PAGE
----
Is Toledo prepared to handle a potential overflow of Michigan patients?

TOLEDO, Ohio (WTVG) - Detroit-area health systems are overwhelmed with COVID-19 patients, leaving some in this area to question whether those patients then will head south and come to Toledo to seek care at Northwest Ohio hospitals.

13abc reached out to local hospitals and leaders to find out if Toledo is ready and prepared to handle a potential influx or even an overflow of Michigan patients.

The latest numbers show the city of Detroit has 1,801 confirmed COVID-19 cases and 52 deaths. In contrast, Lucas County officials report there are 94 total cases and three deaths.

Detroit is roughly an hour away.

Ohio Governor Mike DeWine said he's aware to some extent about what's happening in Detroit. On Monday, DeWine spoke with Toledo Mayor Wade Kapszukiewicz about concerns over the Glass City's proximity to the Motor City.

"The way we left that conversation was we need to get more specifics about what is going on there because frankly we're going to need some of their hospitals, too, and so there's a flow the other way as well," said DeWine during Monday's press conference.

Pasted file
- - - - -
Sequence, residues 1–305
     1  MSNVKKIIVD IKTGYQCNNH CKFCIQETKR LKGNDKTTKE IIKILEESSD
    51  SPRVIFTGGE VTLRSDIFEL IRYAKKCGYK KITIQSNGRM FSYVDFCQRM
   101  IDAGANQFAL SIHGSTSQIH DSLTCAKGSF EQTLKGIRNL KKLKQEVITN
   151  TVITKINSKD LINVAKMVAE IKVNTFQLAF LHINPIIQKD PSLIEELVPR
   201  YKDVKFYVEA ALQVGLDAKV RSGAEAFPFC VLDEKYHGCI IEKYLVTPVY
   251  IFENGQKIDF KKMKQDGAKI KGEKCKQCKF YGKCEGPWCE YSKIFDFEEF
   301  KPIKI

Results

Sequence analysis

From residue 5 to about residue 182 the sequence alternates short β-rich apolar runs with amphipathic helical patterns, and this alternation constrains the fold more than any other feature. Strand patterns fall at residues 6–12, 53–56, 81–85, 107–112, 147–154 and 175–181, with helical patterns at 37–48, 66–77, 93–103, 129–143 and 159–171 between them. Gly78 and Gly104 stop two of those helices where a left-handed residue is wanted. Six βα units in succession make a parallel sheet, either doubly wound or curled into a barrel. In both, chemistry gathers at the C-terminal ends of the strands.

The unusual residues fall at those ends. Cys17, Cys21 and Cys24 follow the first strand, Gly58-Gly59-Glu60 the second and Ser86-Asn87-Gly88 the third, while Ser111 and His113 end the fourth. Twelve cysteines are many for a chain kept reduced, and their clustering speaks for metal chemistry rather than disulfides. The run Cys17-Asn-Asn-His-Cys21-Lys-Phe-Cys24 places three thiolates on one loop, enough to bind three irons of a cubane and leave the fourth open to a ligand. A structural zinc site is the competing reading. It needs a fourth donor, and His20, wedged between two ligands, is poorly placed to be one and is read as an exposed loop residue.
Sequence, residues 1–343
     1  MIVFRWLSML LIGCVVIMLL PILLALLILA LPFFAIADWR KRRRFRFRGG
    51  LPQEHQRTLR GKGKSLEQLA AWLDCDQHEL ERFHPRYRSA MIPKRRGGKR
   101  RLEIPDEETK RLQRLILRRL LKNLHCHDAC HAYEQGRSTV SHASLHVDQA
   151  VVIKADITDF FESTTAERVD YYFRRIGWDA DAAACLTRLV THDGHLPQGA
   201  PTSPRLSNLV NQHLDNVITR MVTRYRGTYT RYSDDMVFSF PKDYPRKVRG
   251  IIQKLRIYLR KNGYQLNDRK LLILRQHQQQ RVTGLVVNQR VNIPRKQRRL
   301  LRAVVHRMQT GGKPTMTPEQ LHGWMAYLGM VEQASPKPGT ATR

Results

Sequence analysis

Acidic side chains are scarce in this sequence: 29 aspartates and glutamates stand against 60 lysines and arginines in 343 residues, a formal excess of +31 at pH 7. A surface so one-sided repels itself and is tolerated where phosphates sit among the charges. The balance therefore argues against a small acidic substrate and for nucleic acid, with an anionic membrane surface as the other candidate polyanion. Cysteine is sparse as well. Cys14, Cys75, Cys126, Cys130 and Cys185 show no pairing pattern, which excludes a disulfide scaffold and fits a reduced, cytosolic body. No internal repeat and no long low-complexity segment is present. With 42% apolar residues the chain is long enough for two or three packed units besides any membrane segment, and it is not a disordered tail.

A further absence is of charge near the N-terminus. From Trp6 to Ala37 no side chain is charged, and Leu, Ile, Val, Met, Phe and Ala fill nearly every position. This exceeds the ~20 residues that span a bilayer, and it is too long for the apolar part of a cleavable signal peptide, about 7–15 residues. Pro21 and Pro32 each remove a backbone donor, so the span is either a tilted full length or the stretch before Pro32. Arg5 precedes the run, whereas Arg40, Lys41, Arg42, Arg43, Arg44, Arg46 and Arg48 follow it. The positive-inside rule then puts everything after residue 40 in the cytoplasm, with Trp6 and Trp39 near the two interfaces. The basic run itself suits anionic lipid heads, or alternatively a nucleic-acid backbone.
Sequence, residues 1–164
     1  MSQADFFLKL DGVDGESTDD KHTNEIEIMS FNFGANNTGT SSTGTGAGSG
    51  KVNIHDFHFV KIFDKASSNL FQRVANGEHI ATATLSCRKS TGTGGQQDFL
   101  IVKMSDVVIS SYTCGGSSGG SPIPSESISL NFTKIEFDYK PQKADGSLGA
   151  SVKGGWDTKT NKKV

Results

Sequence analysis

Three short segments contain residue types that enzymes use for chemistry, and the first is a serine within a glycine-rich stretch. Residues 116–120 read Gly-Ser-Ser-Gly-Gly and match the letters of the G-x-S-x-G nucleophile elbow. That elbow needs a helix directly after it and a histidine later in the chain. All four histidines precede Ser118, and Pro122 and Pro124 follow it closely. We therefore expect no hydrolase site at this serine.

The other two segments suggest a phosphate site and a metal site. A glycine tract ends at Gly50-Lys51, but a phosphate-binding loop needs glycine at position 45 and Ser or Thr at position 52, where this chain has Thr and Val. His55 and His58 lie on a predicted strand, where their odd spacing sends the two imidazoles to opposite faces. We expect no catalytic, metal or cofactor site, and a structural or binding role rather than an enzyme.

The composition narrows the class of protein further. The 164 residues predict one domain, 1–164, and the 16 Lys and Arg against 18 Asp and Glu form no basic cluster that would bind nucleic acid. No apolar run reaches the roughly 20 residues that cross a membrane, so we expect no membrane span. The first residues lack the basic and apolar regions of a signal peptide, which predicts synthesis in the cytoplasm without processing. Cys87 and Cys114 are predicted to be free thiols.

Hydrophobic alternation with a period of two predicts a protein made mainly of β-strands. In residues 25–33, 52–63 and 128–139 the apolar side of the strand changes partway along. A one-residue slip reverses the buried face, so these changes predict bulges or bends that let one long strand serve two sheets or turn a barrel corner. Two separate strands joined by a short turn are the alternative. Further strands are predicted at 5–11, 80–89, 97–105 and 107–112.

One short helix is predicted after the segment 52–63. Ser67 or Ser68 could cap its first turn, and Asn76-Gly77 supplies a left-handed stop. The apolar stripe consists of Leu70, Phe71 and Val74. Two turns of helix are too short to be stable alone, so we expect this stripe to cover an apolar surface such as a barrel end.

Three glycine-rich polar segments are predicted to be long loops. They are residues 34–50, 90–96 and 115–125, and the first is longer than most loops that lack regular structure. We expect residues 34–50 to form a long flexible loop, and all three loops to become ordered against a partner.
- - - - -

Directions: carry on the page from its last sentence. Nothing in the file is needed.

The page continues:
Toledo-Lucas County Health Commissioner Eric Zgodzinksi said he contacted the Ohio Department of Health about this, too.

"We need to have something in place so when this does, when the dam does break and we start having massive amounts of people sick, that we can take care of everybody we need to," said Zgodzinksi in a local press conference Monday.

When Michigan Governor Gretchen Whitmer appeared on ABC's "The View" Monday she said, "We see COVID-19 growing at such a fast rate exponentially in our state. We have hospitals that are already at capacity."

State health leaders said several of those full hospitals are specifically in southeast Michigan.

Whitmer announced The TCF Center in Detroit will become an alternative care facility with approximately 900 hospital beds.

Ohio Health Director Dr. Amy Acton said her department has been communicating with health departments in neighboring states amid this crisis.

"Our healthcare systems don't stop at the border. As I said before, people live on one side and work on the other. You might go to a hospital across that," said Dr. Acton during Monday's press conference.

According to ProMedica, their hospitals in the Toledo area are already seeing some COVID-19 patients from Detroit.